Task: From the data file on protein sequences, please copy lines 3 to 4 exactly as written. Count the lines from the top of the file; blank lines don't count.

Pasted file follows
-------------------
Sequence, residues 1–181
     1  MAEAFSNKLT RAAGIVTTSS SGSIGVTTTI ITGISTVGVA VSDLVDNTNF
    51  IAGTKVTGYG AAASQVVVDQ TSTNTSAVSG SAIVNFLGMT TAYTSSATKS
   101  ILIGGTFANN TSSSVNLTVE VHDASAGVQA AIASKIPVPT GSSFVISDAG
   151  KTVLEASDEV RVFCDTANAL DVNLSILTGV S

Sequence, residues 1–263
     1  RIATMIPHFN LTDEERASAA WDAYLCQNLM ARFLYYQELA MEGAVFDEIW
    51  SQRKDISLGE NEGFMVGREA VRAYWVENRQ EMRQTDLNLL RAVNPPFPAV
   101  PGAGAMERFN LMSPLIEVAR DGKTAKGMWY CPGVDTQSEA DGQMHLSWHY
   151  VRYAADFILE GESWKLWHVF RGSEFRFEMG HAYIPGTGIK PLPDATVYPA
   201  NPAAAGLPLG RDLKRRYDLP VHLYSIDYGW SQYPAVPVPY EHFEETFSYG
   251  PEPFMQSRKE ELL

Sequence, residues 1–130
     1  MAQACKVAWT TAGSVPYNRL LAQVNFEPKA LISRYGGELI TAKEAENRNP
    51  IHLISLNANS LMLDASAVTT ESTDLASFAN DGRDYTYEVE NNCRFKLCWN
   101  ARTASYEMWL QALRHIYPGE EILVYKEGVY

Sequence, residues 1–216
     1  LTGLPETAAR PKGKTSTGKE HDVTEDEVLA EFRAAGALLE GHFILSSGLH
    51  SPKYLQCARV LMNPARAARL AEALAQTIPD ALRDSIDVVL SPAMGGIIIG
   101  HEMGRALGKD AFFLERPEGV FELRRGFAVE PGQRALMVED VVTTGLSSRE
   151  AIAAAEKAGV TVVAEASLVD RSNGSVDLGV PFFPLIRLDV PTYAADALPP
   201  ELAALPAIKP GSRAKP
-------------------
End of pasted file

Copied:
    51  IAGTKVTGYG AAASQVVVDQ TSTNTSAVSG SAIVNFLGMT TAYTSSATKS
   101  ILIGGTFANN TSSSVNLTVE VHDASAGVQA AIASKIPVPT GSSFVISDAG